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February 2005 Reader Challenge

January 2005 Reader Challenge Winners

Congratulations to the winners of our January Reader Challenge. First prize, a copy of "Google Hacks, Second Edition" (O' Reilly Associates Publishing) goes to Chad R. Dean of Waverly, Iowa. Second prize, a copy of "Securing Windows Server 2003" (O' Reilly Associates Publishing) goes to Shawn Cannon of Alpharetta, Georgia. Visit to read the answer to the January Reader Challenge.

February 2005 Reader Challenge

Solve this month's Windows Client challenge, and you might win a prize! Email your solution (don't use an attachment) to [email protected] by February 16, 2005. You must include your full name and street mailing address (without that information, we can't send you a prize if you win).

I choose winners at random from the pool of correct entries. Because I receive so many entries each month, I can't reply to respondents, and I never respond to a request for a receipt. Look for the solutions to this month's problem at on February 17, 2005.

The February 2005 Challenge:
Group Policy provides a terrific way to impose controls on users and computers without having to change each computer's registry settings or run scripts at logon. This "click and control" power is a wonderful boon to administrators, but if you don't apply policies knowledgeably, you'll end up with more problems than solutions. This month's Reader Challenge tests your knowledge of Group Policy basics. It's important to note that I' m assuming your enterprise is running Windows 2000 or later on every computer.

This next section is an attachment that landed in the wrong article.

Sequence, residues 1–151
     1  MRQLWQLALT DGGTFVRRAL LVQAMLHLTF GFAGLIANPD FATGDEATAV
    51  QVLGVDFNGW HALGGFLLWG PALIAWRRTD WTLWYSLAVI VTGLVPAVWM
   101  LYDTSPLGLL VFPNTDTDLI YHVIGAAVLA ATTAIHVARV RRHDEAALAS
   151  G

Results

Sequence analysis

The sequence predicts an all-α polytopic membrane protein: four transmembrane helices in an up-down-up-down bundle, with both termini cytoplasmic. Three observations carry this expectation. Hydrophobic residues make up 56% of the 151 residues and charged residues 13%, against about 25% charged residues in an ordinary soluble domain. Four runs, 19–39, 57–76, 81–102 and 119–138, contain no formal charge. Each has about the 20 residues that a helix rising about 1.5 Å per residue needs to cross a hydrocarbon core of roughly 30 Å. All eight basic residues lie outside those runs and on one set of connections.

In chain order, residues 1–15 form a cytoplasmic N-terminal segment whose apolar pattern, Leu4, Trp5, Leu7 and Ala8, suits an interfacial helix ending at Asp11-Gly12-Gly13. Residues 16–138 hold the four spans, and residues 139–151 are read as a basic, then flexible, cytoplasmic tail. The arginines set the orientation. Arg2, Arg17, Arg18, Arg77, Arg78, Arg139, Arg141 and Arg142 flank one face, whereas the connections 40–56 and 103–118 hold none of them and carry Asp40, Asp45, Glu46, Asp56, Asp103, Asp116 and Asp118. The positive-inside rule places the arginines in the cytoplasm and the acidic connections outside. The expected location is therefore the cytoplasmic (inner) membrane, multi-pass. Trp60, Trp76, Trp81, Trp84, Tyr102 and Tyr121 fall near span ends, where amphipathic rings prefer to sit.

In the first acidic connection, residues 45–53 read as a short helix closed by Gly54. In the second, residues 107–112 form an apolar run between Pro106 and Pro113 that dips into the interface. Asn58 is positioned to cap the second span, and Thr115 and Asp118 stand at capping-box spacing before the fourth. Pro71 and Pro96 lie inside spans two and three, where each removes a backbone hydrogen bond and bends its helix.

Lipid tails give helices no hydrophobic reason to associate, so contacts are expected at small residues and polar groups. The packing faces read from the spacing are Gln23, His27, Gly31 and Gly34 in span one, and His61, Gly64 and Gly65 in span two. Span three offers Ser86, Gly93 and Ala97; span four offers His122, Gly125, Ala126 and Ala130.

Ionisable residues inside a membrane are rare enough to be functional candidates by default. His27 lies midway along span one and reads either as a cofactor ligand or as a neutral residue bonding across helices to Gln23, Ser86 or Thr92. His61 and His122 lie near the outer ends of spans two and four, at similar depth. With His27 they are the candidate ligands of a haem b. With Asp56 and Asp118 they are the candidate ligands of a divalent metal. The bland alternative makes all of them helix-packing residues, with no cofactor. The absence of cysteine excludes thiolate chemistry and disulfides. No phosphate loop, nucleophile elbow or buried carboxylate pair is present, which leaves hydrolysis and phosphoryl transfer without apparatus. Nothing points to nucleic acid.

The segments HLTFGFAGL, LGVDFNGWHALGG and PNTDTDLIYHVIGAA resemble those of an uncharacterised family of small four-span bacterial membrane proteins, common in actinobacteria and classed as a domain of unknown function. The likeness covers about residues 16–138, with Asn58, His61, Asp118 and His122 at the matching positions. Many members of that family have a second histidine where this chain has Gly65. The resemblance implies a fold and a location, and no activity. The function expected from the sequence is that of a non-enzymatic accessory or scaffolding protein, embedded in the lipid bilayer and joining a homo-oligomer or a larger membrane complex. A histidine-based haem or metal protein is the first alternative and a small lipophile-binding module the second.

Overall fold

True or false: You can't impose any Group Policy Objects (GPOs) unless you're running Active Directory (AD).

You set a GPO at the domain level, then set a conflicting (reversed) GPO at the organizational unit (OU) level. For the computers in the OU, which GPO takes precedence?

You set a GPO at the domain level, then set a conflicting (reversed) GPO in a local computer's policy settings. For that computer, which GPO wins?

The February 2005 Challenge Answers:

False. Local computer and user policies are available for all computers running Windows 2000/XP/2003. You can use local policies to control users and computers in a peer-to-peer network.

The OU GPO wins, because as you move down the Active Directory hierarchy, the GPO that' s closest to the computer always wins.

The domain GPO wins. When the domain and a local computer are battling over group policies, the domain wins.

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